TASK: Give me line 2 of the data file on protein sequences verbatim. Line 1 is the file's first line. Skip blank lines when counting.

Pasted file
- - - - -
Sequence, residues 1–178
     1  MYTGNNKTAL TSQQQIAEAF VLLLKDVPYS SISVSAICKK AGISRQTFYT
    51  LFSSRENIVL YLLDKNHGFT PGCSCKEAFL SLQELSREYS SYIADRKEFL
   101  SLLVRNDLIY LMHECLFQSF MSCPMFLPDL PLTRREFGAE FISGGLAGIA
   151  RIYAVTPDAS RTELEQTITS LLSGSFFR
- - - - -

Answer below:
     1  MYTGNNKTAL TSQQQIAEAF VLLLKDVPYS SISVSAICKK AGISRQTFYT